Skip
4 months ago

Grad from HS entered the service and work through 20 years and got my degree combining many colleges from all over states and including Europeon colleges. Upon my retirement moved on to work in state service and retired recently. I’ve never used my degree and completed higher education was a cost to me of $2500 thanks to uncle sam. No more schooling of college university. Now gun smithing school in my old age. But during high school I just didn’t want to be there. It was girl’s, work and fun. Some where shortly I got serious and started my career for life. Someone looking over me for I have the three retirements and didn’t realize it until 1 May when retiring I had built the bridge to early retirement.

Last edited 4 months ago by Skip
Jeff Craig
4 months ago

Between ADHD and short-term memory issues, my time in school was hell. I did excell in History, Science and Civics classes, though. Math and English were not my forte’, and thanks to many years of developing alternative learning methods and other coping strategies, I managed to get my Bachelors degree and even started on my Masters.

James Menard
4 months ago

I was below average. I had to work during high school. Graduated and was drafted. I’m a Vietnam Veteran. Came home and went to work in the oil industry. Retired after 38 years as a Drilling Supervisor with a 7 figure retirement. Not bad for no college, sometimes hard work pays better.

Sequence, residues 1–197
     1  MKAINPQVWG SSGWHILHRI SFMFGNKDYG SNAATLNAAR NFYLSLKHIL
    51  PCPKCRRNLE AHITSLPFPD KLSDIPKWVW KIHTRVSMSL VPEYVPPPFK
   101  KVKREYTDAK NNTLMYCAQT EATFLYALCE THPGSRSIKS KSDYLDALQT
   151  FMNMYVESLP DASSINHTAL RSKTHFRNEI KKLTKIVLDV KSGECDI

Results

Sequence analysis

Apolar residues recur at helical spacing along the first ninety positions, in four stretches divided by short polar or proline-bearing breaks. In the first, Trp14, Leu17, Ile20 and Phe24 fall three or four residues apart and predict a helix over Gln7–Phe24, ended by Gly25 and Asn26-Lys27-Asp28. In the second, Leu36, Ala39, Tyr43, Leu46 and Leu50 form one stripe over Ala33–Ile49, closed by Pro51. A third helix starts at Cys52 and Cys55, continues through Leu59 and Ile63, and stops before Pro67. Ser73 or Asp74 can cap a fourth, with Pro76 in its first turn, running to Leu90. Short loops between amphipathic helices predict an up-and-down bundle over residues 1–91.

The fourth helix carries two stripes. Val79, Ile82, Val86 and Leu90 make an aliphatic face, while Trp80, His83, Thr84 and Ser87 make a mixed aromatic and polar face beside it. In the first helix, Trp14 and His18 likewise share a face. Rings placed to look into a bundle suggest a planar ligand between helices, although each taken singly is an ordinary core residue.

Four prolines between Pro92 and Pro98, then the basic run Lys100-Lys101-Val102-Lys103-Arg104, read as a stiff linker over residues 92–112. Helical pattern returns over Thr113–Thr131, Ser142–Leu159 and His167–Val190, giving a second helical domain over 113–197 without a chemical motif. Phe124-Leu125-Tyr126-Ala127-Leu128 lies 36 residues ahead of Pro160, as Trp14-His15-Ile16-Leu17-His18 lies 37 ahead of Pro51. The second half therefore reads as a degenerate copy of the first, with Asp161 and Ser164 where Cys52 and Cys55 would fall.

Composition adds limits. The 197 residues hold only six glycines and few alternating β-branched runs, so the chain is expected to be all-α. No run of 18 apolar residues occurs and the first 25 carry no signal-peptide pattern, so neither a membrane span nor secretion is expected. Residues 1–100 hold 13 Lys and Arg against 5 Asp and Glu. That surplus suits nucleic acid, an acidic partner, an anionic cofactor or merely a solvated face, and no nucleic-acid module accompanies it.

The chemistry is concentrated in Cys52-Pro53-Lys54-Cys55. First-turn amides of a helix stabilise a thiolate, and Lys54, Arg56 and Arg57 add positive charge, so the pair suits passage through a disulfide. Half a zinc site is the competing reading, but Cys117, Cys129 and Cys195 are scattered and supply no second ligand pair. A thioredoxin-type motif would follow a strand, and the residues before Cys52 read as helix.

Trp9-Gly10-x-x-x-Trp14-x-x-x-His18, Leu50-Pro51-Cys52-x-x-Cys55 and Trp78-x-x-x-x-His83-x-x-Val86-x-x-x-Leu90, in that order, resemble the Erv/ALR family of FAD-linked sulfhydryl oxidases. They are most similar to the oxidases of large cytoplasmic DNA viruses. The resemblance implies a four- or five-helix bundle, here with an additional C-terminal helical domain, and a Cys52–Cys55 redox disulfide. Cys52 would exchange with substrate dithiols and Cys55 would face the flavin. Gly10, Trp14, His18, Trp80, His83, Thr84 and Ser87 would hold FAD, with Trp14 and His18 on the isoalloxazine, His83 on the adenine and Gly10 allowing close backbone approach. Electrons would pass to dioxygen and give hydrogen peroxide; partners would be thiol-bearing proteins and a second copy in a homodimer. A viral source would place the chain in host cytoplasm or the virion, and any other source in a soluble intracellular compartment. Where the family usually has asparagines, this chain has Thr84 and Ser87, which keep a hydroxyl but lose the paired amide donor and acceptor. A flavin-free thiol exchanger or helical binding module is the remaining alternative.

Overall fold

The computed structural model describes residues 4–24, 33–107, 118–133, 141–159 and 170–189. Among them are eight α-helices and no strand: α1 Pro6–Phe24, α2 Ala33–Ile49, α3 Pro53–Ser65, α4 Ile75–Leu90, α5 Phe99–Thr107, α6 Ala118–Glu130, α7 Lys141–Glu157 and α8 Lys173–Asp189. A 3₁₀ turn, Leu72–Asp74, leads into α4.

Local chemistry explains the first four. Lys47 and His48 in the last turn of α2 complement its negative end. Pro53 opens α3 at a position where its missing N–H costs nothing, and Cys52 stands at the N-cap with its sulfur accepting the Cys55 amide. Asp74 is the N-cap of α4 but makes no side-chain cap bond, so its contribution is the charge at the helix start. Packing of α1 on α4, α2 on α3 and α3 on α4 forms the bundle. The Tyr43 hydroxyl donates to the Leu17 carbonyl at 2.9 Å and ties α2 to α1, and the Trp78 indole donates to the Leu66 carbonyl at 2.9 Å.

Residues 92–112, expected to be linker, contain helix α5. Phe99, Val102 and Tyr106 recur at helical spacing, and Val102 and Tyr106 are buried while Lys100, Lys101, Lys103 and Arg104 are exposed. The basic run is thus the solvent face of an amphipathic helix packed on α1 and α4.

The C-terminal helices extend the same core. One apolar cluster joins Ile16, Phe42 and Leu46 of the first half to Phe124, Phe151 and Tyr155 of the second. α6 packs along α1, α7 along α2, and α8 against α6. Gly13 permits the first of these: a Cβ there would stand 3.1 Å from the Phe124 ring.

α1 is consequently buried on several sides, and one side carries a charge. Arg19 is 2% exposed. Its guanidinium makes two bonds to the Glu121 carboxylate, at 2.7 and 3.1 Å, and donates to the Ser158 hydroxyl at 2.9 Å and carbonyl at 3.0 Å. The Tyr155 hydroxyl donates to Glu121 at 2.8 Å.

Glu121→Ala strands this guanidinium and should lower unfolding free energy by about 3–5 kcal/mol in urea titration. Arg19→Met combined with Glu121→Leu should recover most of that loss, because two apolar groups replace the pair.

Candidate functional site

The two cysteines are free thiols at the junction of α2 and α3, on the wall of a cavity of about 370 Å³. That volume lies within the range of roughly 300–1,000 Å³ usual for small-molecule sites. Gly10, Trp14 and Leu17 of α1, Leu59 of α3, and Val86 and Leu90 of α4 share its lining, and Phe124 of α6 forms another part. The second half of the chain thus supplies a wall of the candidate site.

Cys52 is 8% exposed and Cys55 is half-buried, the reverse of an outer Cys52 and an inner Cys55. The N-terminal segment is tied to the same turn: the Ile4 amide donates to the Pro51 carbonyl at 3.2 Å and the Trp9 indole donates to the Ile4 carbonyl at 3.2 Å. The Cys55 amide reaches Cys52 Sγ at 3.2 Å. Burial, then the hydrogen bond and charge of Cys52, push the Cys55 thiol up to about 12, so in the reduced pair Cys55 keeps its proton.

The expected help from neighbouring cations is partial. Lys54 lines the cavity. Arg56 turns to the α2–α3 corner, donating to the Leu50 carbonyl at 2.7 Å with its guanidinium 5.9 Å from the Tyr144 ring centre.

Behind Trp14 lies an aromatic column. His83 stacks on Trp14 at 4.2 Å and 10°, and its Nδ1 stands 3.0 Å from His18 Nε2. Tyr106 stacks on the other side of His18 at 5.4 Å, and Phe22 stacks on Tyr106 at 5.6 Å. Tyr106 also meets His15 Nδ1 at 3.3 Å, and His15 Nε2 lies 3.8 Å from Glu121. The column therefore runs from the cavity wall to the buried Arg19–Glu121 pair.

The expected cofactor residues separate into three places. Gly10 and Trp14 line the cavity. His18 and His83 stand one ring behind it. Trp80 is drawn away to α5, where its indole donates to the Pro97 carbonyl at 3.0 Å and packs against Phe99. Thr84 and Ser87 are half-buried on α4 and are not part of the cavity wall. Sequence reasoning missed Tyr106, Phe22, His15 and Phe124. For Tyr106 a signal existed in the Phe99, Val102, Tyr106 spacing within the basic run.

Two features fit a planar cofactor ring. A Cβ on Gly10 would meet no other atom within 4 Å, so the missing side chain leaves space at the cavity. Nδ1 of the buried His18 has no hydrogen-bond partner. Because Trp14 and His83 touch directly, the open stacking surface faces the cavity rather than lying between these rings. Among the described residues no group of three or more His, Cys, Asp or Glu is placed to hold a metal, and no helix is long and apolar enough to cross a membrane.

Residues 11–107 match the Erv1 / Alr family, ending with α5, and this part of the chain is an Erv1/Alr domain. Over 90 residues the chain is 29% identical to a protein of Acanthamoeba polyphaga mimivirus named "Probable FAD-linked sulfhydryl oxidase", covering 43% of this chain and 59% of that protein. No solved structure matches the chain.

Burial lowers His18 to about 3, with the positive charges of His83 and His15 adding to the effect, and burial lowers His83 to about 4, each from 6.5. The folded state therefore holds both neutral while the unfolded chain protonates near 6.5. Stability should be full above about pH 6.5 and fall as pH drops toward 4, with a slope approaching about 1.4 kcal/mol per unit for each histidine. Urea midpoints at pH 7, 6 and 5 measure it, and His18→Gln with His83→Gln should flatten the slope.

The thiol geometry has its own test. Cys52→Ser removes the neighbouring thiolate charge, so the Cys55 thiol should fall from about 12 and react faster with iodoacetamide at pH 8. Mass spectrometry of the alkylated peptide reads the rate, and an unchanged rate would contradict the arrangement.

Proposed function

Cheryl
4 months ago

I was average only because I was looking for fun and good times…nothing illegal just fun.

Roy Davis
4 months ago

I love this because I barely graduated. As a mater of fact, had a teacher not changed my grade I wouldn’t have. Went to college in my 50s and graduated with a 3.87 GPA. All this proves is that grades often don’t reflect anything about how smart you are.

Gene Bjerke
4 months ago

As I went through school, my grades got progressively better; from average in high school to finishing a Master’s with a 4.0 GPA. I guess things just got more interesting as I moved along.

chris
4 months ago
Reply to  Gene Bjerke

good work! I don’t think HS students appreciate the value of an education, which is why we had parents to remind us of that.

Last edited 4 months ago by chris
Richard Hughes
4 months ago

Sadly, I was not challenged. In middle school we had to take an I.Q. test. I had the highest male score, but some of the lowest grades. In High School, it was a repeat.

Ron Lane
4 months ago